Friday, July 20, 2007

Health Care to Die For

In my previous post I noted NPRs championing of union concessions. They point out that a major problem for labor and management in the US is the skyrocketing price of health insurance. I know I pay $7000 a year for a mediocre 80/20 family, group plan with $20 office co-pays. Personally, I'd rather be paying that money in taxes for a single payer plan (Ooops, single payer plan is a bad word on NPR News) that would benefit everyone.

This morning NPR takes on the Health Care crisis, and as you might guess they focus on reform that would preserve the health insurance industry. I don't dispute that this is a position that one can argue for or against. What is incredible is that no serious attention is given to eliminating the insurance industry and going for a single payer national health care system.

The only person NPR sees fit to talk to is Len Nichols of the firmly pro-establishment New America Foundation. If you look at the Health Policy Program page of the NAF (which Nichols is the director of) you'll see that their recommendation is for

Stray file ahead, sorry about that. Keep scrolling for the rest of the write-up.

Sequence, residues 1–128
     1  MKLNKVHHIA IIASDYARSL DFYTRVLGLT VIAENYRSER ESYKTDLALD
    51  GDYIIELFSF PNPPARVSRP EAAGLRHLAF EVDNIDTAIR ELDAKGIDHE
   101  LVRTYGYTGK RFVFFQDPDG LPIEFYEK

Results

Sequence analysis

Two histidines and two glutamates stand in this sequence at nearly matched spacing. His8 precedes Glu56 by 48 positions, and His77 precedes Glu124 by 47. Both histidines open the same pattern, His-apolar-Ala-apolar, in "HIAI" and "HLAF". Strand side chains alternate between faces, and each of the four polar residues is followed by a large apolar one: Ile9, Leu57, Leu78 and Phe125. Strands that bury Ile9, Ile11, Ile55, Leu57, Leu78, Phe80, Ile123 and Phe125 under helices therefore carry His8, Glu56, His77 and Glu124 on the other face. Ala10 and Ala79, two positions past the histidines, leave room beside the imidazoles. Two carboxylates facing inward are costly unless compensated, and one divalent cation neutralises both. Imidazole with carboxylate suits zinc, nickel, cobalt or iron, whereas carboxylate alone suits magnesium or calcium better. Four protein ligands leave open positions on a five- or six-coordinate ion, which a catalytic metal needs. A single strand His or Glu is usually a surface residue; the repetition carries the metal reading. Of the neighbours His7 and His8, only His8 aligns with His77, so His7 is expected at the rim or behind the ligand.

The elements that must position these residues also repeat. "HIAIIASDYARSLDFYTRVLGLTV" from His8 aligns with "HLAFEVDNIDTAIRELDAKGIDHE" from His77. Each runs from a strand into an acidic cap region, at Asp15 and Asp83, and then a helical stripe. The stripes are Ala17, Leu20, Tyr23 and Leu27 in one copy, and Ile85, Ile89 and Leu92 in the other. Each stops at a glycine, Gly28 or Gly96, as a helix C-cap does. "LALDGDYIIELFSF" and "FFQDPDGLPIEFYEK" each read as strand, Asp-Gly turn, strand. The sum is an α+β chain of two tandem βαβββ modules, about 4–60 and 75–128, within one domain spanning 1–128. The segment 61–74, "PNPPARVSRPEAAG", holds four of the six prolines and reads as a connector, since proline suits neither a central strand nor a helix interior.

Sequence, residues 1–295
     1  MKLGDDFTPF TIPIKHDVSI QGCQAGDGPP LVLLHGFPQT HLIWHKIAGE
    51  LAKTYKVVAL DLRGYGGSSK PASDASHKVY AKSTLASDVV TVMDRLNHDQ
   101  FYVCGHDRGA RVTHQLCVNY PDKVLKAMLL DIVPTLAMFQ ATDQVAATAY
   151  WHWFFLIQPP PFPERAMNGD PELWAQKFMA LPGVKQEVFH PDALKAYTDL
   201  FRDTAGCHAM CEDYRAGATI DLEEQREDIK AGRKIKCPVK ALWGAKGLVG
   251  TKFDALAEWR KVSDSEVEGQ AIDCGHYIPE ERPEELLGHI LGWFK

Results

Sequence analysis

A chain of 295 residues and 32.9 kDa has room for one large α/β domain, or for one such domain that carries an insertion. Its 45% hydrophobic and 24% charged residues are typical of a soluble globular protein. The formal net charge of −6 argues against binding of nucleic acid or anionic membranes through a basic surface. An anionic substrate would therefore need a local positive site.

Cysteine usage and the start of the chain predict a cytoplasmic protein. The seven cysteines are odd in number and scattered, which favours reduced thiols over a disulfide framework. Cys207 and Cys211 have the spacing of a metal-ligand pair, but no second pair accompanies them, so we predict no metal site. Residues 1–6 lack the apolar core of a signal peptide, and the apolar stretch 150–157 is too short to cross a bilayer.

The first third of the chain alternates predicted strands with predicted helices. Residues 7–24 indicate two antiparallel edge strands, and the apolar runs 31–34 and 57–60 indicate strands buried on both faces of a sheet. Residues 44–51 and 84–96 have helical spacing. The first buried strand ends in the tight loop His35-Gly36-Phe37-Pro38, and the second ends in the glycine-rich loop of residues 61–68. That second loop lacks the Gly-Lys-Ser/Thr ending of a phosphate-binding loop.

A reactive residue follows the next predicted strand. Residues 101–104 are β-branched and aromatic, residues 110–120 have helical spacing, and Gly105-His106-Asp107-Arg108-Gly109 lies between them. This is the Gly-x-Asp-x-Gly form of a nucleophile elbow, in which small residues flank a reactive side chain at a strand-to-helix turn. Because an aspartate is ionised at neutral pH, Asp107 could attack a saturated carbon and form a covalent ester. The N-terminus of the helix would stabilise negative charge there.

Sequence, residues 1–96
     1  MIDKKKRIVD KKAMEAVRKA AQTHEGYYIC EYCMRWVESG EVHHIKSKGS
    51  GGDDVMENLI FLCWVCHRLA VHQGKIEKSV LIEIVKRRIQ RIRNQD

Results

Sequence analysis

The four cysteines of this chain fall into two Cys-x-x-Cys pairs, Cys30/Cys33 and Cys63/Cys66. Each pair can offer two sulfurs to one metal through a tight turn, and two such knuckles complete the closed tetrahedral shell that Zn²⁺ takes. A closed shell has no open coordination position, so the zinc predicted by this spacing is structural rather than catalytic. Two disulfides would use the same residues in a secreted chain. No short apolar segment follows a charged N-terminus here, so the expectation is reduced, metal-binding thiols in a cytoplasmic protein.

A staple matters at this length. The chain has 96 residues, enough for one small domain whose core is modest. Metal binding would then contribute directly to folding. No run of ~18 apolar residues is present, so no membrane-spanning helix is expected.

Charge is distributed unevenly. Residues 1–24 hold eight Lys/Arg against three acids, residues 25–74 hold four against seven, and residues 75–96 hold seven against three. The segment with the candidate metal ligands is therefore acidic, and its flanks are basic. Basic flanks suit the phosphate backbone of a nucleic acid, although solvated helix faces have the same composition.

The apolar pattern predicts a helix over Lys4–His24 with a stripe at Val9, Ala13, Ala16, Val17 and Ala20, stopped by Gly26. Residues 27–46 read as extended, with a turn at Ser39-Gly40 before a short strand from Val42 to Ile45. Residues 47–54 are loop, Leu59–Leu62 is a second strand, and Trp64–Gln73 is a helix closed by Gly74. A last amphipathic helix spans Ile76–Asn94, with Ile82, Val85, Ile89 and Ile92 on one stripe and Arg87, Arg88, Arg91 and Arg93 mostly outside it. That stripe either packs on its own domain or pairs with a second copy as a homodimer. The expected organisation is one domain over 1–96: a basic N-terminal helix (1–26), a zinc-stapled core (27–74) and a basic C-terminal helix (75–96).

"the Program promotes a mandatory, citizen-based approach to health insurance that, combined with credible cost containment measures, can ensure universal coverage and enhance America’s long-term economic and social well-being."
"Mandatory" means you have to buy it just like car insurance. The way premiums have been going, I can just see those insurance executives rubbing their hands.

What's with NPR? Is it so hard to talk to articulate advocates for a single payer system. Maybe they are afraid it will kill them or the corporations that sponsor them...

1 comment:

Anonymous said...

The argument for mandatory auto insurance is that driving is a Privilege, not a right. Apparently for NPR having medical care is a privilege, and not a right. Forcing citizens to subscribe to private entities is fascism, plain and simple. Robert Reich was plugging this shit several months ago. We had a brief e-mail exchange wherein he brought up: you pay for police protection. Well, that's part of government, paid by taxes.
Yesterday I saw somewhere in the internet some insurance industry released figures (I don't trust them, anyway) showing about 80% of their premiums went toward claims, down 2% this year. Social security works at 98%. Insurance is just such a mafia-loaded word.